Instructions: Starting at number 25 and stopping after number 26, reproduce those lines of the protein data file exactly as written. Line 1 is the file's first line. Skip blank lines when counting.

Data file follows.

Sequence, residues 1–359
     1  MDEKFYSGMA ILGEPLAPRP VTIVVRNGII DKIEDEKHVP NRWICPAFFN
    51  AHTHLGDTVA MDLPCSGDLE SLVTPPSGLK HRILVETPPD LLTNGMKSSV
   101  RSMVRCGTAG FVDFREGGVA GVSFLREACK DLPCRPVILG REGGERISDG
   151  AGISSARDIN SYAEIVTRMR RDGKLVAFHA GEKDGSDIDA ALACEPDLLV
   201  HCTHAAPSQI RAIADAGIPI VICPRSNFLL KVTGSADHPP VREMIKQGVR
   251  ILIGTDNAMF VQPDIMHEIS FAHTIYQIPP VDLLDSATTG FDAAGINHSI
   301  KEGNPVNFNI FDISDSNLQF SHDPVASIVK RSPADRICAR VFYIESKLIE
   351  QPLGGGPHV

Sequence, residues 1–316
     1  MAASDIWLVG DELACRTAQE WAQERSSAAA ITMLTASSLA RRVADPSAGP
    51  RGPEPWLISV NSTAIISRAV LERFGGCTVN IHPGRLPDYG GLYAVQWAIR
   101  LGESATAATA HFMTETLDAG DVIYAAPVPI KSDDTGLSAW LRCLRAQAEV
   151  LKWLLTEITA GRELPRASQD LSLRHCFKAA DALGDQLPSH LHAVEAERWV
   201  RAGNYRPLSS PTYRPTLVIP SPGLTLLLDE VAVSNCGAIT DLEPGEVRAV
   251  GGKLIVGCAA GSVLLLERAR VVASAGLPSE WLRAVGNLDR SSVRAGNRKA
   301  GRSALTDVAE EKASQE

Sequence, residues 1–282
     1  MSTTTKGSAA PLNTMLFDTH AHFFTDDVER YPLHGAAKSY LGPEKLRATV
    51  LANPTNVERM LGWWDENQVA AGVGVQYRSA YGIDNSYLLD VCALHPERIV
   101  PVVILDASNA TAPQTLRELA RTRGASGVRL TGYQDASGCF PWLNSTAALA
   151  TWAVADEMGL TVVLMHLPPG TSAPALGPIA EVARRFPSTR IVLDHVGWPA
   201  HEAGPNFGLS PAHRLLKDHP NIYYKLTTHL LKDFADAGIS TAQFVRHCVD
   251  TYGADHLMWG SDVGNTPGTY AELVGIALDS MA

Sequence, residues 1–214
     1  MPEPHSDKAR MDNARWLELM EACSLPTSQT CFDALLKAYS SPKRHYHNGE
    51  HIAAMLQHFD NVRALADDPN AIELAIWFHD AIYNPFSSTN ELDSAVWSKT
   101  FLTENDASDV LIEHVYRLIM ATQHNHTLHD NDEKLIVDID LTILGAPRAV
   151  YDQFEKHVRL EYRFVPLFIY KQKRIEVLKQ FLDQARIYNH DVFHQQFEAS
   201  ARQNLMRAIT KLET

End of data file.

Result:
Sequence, residues 1–214
     1  MPEPHSDKAR MDNARWLELM EACSLPTSQT CFDALLKAYS SPKRHYHNGE